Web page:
Endzeitgeist out.

Rating:
[4 of 5 Stars!]
Mythic Magic: Ultimate Spells I
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Horns of the Hunted
by Jason S. [Verified Purchaser] Date Added: 12/10/2014 16:57:46
This is a really good adventure and if anyone is getting ready to run the Kingmaker AP this short module is the perfect fit. It ties in several of the loose ends of the AP and even has some foreshadowing to events that are soon to come. I only wish that I had picked this up earlier as my crew is about to start book six.

Whatever AP I run next, one of the first stops on my prep list is to go and check out what kind of support material they've put out.

Rating:
[5 of 5 Stars!]
Horns of the Hunted
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Ultimate War
by Thilo G. [Featured Reviewer] Date Added: 11/29/2014 04:09:24
An Endzeitgeist.com review

The third expansion of the kingdom building/mass combat rules presented in Ultimate Campaign, expanded by the very man who wrote the original rules, clocks in at 45 pages, 1 page front cover, 2 pages editorial, 1 page SRD, 1 page ToC, 2 pages on how-to-use/what to expect, 1 page advertisement and 1 page back cover, leaving us with 36 pages of content, so let's take a look!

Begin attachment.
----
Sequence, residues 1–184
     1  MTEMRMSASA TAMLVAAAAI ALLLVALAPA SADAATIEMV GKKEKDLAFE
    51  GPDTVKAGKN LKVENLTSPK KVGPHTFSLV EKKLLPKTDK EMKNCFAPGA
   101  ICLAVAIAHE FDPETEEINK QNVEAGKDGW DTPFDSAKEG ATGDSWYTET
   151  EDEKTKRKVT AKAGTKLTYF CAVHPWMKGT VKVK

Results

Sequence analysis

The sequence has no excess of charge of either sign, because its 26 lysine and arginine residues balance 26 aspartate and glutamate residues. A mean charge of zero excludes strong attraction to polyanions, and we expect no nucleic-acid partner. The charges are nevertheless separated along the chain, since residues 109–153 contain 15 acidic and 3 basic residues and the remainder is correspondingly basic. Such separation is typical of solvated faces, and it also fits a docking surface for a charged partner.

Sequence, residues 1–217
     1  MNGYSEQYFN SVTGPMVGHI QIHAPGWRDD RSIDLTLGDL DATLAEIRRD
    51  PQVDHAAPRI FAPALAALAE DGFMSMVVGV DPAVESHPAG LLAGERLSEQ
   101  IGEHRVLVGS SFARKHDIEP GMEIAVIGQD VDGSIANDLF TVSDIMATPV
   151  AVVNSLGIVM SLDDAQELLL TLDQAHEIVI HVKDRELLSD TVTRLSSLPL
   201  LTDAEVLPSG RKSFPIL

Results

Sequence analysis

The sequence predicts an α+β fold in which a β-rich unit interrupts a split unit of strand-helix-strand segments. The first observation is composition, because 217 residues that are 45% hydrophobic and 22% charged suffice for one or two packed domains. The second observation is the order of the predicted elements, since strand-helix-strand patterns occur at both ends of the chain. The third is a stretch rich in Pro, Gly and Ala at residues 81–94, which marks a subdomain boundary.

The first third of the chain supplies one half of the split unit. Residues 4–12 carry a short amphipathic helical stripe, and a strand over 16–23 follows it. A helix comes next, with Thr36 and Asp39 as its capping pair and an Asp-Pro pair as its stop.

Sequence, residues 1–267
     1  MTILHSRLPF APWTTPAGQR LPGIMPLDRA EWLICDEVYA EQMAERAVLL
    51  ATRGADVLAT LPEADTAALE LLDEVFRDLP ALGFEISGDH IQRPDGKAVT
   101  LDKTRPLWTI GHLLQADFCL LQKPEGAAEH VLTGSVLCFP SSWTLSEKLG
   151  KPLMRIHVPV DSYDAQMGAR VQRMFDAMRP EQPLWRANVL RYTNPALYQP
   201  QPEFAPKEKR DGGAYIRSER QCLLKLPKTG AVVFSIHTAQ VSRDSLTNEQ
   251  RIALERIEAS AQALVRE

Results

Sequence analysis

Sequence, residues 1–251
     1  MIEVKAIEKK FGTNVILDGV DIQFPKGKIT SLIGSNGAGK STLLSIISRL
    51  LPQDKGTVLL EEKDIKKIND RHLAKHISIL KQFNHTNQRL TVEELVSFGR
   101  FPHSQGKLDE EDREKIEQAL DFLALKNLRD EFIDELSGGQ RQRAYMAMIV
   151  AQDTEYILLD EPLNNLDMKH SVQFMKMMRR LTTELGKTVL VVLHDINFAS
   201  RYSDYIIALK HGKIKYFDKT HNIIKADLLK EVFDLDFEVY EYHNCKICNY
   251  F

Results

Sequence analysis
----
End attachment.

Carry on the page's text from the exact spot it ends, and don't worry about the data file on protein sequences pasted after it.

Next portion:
This supplement kick off by eliminating two of my most serious gripes with the base mass combat rules from Ultimate Campaign. Number one: Ultimate Campaign does not distinguish between ranged and melee capacity, instead subsuming both under the termino umbrellone of OM, Offense Modifier. This resulted potentially in ridiculous scenarios of elven archer beating orc berserkers in melee. Ultimate War gets rid of OM in favor of separate Melee Value and Ranged Values, abbreviated MV and RV. YES!!! Secondly, the hit points as an abstract measurement to determine an army's deceased is replaced with casualties - which can be tracked individually/separately for sub-units etc., allowing much more detailed and finer tactical nuances. Best of all - both allow for easy downscaling back into Ultimate Campaign's base system, if you prefer the simpler take.



Leadership Bonus of a commander is equal to +1 for every full 5 ranks in Profession (Soldier) and high BABs (+6, +11, +16), Wis or Cha modifiers, certain feats etc. can further increase this bonus. The rather rudimentary selection of command boons is also expanded by this supplement - and the boons are great - Battlefield illumination (or making light-conditions worse!), autosupplying itself, con/desecrate battlefields, divine healing or barrages, smoke screens or particular proficiency when deployed against aerial armies - glorious! Have I mentioned the awesome effects of war chants or the option to execute precise, less damaging assaults via surgical strikes? Brilliant!